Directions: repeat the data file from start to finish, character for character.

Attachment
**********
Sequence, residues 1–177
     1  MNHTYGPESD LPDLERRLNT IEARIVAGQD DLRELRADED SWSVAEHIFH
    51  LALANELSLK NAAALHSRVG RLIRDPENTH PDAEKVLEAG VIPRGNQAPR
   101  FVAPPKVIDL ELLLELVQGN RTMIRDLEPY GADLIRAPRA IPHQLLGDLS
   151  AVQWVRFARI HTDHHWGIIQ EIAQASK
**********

Sequence, residues 1–177
     1  MNHTYGPESD LPDLERRLNT IEARIVAGQD DLRELRADED SWSVAEHIFH
    51  LALANELSLK NAAALHSRVG RLIRDPENTH PDAEKVLEAG VIPRGNQAPR
   101  FVAPPKVIDL ELLLELVQGN RTMIRDLEPY GADLIRAPRA IPHQLLGDLS
   151  AVQWVRFARI HTDHHWGIIQ EIAQASK